The abdomen is the next part of your body that will need to be accessed. This is always attempted using a minimally invasive approach, with 5 to 6 small incisions (Figure 3). Again, a camera is placed through one of these sites and used to look directly at your internal organs. Following the laparoscopic portion of the operation, an open incision from the sternum to the navel will be made so that your surgeon can access your stomach in preparation for the creation of the gastric conduit (the portion of your stomach that will replace the diseased portion of your esophagus) (Figure 4).

The last incision is made on the left side of the neck. This incision allows your surgeon to attach the healthy esophagus and new gastric conduit (the portion of the stomach that replaces the diseased portion of your esophagus). Your surgeon will use a variety of stitches and stapling devices to make sure this connection is tight and secure (Figure 5).

Preparation for Surgery

You will be required to have a series of tests prior to your scheduled procedure. These tests include a breathing test (pulmonary function testing), a cardiac stress test, echocardiogram, EKG (heart tracing), and blood work.

You will not be able to eat starting at midnight the night before your operation. You may have clear liquids, such as water or black coffee, up until 2 hours prior to your procedure. You will be given a pamphlet with more details about this. If you take medications routinely at home, we will discuss which of these you can take before your operation.

After you have been placed under general anesthesia, a catheter is inserted into your bladder to monitor your urine output during and after surgery. You will also have an epidural catheter placed in your back prior to your surgery. This is done by the anesthesiologist and is typically completed before you are taken to the operating room. This catheter is used for pain control after your surgery and typically stays in place for 3 to 4 days before being removed. After the removal, you will be transitioned to oral pain medication.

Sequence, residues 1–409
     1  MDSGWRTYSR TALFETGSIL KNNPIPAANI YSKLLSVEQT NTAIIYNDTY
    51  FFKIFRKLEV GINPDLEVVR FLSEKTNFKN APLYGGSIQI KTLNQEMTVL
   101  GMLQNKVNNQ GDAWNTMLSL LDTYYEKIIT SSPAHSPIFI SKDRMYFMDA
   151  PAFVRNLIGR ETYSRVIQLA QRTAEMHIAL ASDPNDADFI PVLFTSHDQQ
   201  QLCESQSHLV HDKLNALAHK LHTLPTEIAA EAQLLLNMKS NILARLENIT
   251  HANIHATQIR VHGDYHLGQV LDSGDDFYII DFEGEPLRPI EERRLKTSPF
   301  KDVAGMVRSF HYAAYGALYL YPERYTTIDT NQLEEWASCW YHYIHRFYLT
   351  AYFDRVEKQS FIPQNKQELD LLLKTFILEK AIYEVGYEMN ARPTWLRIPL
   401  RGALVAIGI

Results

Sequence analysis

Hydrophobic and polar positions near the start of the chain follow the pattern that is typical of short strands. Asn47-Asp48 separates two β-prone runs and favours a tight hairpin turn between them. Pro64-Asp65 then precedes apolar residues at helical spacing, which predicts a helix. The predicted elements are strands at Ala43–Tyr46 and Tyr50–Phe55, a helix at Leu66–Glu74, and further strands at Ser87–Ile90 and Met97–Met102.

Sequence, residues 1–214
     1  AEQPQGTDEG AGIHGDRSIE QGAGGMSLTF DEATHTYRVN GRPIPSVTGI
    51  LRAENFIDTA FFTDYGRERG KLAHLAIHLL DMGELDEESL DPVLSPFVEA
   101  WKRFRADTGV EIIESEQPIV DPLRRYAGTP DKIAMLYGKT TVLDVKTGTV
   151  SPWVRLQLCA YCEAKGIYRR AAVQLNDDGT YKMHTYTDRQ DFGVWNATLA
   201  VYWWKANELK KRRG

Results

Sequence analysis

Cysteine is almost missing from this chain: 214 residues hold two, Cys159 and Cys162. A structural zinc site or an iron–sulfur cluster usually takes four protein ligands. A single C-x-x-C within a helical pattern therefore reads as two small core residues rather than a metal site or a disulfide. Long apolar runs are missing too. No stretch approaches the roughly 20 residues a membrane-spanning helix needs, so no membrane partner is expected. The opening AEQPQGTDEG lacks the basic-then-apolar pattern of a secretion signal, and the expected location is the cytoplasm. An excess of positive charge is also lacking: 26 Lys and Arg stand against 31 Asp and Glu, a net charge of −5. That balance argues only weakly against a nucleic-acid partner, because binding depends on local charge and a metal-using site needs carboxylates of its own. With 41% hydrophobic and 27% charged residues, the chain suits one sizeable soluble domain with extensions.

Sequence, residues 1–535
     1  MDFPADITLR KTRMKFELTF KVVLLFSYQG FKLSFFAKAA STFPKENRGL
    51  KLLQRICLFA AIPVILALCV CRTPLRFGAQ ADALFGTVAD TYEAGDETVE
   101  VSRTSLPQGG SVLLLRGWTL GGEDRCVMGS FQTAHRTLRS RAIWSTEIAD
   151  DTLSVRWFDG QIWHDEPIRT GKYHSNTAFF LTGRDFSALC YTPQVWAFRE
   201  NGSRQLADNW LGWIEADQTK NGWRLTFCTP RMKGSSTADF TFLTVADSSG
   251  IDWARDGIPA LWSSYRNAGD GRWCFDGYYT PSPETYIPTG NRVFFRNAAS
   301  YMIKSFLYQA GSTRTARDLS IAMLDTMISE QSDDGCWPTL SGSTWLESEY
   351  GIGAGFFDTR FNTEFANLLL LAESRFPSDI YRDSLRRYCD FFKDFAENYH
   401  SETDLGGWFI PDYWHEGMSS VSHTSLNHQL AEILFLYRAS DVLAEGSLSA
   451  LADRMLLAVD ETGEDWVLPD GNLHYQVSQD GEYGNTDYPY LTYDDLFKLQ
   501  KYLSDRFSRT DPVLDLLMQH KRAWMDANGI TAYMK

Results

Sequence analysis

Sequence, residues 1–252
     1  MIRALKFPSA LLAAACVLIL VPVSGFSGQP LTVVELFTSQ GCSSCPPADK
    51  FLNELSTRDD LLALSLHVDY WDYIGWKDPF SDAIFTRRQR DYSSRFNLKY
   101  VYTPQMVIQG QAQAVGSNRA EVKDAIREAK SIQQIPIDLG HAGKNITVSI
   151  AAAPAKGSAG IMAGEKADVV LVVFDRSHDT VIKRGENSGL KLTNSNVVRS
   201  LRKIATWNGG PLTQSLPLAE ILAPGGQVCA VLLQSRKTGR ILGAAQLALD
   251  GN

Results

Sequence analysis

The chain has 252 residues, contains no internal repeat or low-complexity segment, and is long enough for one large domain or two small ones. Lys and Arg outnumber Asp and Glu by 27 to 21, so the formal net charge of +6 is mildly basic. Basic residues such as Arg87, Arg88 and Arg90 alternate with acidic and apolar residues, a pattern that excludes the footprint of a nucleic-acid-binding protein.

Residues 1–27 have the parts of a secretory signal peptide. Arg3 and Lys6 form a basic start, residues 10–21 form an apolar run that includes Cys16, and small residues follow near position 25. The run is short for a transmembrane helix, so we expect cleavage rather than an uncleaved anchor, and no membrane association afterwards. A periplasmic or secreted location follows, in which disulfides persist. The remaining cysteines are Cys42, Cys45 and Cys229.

After your Surgery

Your operation will typically take anywhere from 8 to 12 hours. After your surgery has been completed, you will recover in the intensive care unit (ICU) where the nursing staff will monitor you closely around the clock. Most patients are brought into the ICU from the operating room with a breathing tube still in place. This breathing tube is typically removed the night of surgery or the following morning. You should expect to have a tube down your nose that goes into your stomach, 1 to 2 chest tubes on the right side of your chest, a small drain from the incision on the left side of your neck, a urinary catheter, and a feeding tube. You will remain in the ICU for up to 3 days following your surgery, depending on your recovery process. Once you are stable and ready to be transferred out of the ICU, you will be taken to the step-down unit, 2 South. Patients are typically stable enough to go home within 6 or 7 days following surgery. You will go home with your feeding tube in place; all other lines and tubes will be removed before you leave the hospital.

Diet: You will not be able to take anything by mouth for the first 4 to 5 days following your surgery. Nutrition will be given through your feeding tube during this time to help you stay strong during recovery. You will undergo a study called a barium esophagram about 5 days after your surgery. During this study, you will swallow contrast and x-rays will be taken. This test looks to see if the connection between the healthy esophagus and new gastric conduit (the portion of the stomach that replaces the diseased portion of your esophagus) is completely closed. If the study shows no leak, you will be able to start a clear liquid diet. Your diet will gradually progress to include all liquids. Upon discharge, we will review the diet you are to follow. Your diet upon discharge is dependent on your progress while in the hospital and will be decided by your surgeon. You may also be required to continue tube feedings at home.

References: